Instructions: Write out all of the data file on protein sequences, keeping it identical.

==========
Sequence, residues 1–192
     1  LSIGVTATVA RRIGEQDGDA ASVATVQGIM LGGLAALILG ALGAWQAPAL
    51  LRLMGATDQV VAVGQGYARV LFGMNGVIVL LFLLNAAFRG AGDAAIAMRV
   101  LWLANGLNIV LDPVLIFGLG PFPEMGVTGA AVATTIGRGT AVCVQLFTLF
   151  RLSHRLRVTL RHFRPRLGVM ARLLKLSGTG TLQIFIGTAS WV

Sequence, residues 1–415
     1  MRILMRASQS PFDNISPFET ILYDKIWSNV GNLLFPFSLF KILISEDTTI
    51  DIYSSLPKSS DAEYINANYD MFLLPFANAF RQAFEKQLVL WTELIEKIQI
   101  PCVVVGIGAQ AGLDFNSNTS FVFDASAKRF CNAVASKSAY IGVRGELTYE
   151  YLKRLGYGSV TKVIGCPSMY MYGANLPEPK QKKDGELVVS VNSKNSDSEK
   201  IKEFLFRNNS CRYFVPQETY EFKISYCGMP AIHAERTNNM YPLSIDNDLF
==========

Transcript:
Sequence, residues 1–192
     1  LSIGVTATVA RRIGEQDGDA ASVATVQGIM LGGLAALILG ALGAWQAPAL
    51  LRLMGATDQV VAVGQGYARV LFGMNGVIVL LFLLNAAFRG AGDAAIAMRV
   101  LWLANGLNIV LDPVLIFGLG PFPEMGVTGA AVATTIGRGT AVCVQLFTLF
   151  RLSHRLRVTL RHFRPRLGVM ARLLKLSGTG TLQIFIGTAS WV

Sequence, residues 1–415
     1  MRILMRASQS PFDNISPFET ILYDKIWSNV GNLLFPFSLF KILISEDTTI
    51  DIYSSLPKSS DAEYINANYD MFLLPFANAF RQAFEKQLVL WTELIEKIQI
   101  PCVVVGIGAQ AGLDFNSNTS FVFDASAKRF CNAVASKSAY IGVRGELTYE
   151  YLKRLGYGSV TKVIGCPSMY MYGANLPEPK QKKDGELVVS VNSKNSDSEK
   201  IKEFLFRNNS CRYFVPQETY EFKISYCGMP AIHAERTNNM YPLSIDNDLF